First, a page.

Egnor: [t]he logic pointing to God’s existence is overwhelmingly stronger than the evidence and logic supporting any other scientific theory in nature. Aquinas’s First Way proof of God’s existence, for example, has exactly the same structure as any other scientific theory. The empirical evidence is the presence of change in nature. Because infinite regress is logically impossible in an essentially ordered chain of changes, there must be a Prime Mover to begin the process and that is what we call God.
One factor that one needn’t be a physicist to see is that black holes became a “thing” in popular culture, in a way that “red dwarfs” and “white dwarfs” never did. No one says that red dwarfs, for example, are a gateway to another universe. That sort of thing may affect people’s willingness to evaluate the evidence base critically. Cf Darwinism.
It is most unfortunate that both scientists themselves and the popular press discuss black holes (bh) as if they are (a) a scientifically defined object; and, (b) an experimentally observed one.
Rob Sheldon: Hawking did not get the Nobel, however, because he hung his hopes on the radiation emitted by BH–the so-called “Hawking radiation”. And it was never observed. Sabine tries to explain why. But one argument that Sabine doesn’t make, is that Hawking radiation may never have been observed because BH are themselves never observed.
Michael Egnor: Both an intelligent designer (assuming we’re talking about God) and a black hole are supernatural, in the sense that they are not objects in the natural world. This may not surprise you about God, but it is also true of black holes.
Robitzski: “It suggests our entire universe might just look like any other tiny black hole bubble to an outside observer.”
Physicist: You see, the black hole isn’t just eating matter and belching radiation, it is reversing entropy. This shouldn’t be possible.
Classically, it shouldn’t have happened.
Hossenfelder: Today I comment on the recent claim that the black hole information loss problem is “near its end” and explain why this is nonsense.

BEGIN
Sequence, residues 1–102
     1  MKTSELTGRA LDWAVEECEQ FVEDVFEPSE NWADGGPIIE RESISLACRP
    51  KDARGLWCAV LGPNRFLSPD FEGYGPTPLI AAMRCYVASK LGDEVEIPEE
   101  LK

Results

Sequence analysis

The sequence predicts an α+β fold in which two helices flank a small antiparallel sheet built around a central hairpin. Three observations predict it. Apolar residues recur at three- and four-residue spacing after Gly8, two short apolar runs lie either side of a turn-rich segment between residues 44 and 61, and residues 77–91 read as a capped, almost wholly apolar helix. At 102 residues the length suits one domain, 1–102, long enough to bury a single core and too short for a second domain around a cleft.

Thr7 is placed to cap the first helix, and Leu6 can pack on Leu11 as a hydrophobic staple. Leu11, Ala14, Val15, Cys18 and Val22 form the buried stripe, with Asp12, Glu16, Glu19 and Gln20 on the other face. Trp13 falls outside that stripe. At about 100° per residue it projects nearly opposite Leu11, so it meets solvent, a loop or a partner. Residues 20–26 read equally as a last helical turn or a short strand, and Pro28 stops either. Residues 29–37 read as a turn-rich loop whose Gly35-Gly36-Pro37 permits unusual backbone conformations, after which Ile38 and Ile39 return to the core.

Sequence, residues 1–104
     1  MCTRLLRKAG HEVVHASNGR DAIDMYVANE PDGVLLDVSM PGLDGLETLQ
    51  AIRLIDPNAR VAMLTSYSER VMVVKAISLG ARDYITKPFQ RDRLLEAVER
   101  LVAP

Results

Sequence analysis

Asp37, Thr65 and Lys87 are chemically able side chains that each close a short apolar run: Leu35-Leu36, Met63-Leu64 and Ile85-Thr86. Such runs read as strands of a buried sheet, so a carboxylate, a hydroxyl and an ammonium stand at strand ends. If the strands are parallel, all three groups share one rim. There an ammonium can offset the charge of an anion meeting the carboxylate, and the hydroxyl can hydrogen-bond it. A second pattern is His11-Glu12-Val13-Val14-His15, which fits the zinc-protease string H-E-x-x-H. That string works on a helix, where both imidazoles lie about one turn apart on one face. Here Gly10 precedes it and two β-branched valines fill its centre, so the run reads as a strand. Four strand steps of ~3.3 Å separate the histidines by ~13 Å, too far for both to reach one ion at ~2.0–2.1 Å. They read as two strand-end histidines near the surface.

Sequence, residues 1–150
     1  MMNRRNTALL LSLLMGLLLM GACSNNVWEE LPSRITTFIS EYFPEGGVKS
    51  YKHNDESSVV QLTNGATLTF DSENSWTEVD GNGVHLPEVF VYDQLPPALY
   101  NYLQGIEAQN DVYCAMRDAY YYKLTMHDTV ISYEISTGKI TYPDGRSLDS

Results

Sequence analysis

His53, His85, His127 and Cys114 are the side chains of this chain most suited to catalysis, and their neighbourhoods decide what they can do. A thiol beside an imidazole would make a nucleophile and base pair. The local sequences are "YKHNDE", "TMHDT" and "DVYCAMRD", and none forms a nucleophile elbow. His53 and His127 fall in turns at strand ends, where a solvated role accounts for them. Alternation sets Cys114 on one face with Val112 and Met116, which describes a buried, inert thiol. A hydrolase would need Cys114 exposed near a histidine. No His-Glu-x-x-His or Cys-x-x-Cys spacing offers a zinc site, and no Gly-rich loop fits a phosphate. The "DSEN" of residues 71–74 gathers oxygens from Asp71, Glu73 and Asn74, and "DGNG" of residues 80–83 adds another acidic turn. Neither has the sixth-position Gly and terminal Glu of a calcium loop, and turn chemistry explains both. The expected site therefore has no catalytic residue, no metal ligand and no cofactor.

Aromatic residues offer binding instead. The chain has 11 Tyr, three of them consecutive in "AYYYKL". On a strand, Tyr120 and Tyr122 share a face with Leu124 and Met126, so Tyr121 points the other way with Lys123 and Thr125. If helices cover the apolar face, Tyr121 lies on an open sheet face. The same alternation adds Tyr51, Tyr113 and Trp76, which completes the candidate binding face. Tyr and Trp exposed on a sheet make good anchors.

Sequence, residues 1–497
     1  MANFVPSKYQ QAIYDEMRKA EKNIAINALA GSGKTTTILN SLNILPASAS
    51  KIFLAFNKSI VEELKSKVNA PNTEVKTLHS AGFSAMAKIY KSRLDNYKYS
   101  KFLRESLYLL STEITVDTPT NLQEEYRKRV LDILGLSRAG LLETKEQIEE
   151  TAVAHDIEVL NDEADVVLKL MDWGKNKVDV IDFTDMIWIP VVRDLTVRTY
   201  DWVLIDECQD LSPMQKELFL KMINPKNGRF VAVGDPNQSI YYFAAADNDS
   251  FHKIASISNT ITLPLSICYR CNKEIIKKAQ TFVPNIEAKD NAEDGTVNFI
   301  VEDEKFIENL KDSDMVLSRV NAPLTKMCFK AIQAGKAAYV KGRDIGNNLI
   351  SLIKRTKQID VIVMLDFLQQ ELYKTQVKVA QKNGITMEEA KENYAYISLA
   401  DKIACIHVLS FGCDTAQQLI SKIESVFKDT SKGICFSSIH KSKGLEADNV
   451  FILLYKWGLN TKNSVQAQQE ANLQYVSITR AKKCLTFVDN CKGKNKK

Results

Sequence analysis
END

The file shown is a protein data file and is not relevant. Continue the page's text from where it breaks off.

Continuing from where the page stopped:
Ethan Siegel looks at the limitations: But we’re still a long way away from determining exactly where that information goes, and how it gets out of a black hole. Theorists disagree over the validity and soundness of many of the methods that are currently being employed to do these calculations, and no one has even a theoretical prediction for how this information should be encoded by an evaporating black hole, much less how to measure it.
Sheldon: Black Holes are a theoretical and empirical disaster. Given two possible assumptions to Schwarzschild’s solution of Einstein’s gravity equation, nearly everyone has taken the discontinuous, unphysical, “event-horizon” assumption leading to “Black Holes”. One of the many predictions of BH, is that they cannot have magnetic fields, and they destroy anything that falls into them, converting all that matter into “Hawking radiation”. What about all that data showing high density objects at the center of our galaxy and neighboring galaxies?
It all sounds so much like religion, actually, but maybe that’s the direction in which High Science is heading.
Can’t help but make one wonder how much else in popular science literature is wrong but sells books.
Dvorsky: Astronomers are puzzling over observations that show a black hole smashing into a mystery object of unusual size.
At Quanta: In the latest surprise, that link turns out to exemplify a general fact about nature. In a paper published in March in Physical Review Letters, Goon and Riccardo Penco broadened the lessons of the earlier work by proving a simple, universal formula relating energy and entropy. The newfound formula applies to a system such as a gas as well as a black hole.